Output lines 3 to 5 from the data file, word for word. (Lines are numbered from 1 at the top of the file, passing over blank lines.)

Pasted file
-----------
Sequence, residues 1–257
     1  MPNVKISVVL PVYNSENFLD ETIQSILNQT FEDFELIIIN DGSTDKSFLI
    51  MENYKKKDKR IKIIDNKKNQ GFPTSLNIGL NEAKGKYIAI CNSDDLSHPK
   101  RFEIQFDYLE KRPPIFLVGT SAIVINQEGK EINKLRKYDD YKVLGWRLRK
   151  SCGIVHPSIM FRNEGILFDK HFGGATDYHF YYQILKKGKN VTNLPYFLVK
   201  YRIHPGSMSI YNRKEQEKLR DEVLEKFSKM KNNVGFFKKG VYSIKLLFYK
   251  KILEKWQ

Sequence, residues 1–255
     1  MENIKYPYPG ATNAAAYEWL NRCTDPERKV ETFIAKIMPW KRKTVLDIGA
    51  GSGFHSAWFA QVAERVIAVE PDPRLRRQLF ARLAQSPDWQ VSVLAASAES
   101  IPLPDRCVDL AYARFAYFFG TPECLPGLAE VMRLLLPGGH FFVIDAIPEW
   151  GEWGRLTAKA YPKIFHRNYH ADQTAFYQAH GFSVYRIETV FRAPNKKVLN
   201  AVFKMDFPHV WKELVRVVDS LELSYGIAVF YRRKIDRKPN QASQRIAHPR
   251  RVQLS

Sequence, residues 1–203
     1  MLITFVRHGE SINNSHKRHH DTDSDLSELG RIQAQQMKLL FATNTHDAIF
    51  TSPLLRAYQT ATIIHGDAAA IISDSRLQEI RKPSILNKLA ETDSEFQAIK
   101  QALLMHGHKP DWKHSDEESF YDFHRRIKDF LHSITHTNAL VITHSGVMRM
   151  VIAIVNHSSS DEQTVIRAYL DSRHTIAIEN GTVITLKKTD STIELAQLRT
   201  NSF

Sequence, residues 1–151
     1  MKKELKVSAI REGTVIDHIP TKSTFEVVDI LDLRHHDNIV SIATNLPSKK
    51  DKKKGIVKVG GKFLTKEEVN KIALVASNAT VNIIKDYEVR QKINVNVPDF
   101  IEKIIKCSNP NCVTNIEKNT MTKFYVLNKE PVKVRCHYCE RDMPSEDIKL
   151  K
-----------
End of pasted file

    51  MENYKKKDKR IKIIDNKKNQ GFPTSLNIGL NEAKGKYIAI CNSDDLSHPK
   101  RFEIQFDYLE KRPPIFLVGT SAIVINQEGK EINKLRKYDD YKVLGWRLRK
   151  SCGIVHPSIM FRNEGILFDK HFGGATDYHF YYQILKKGKN VTNLPYFLVK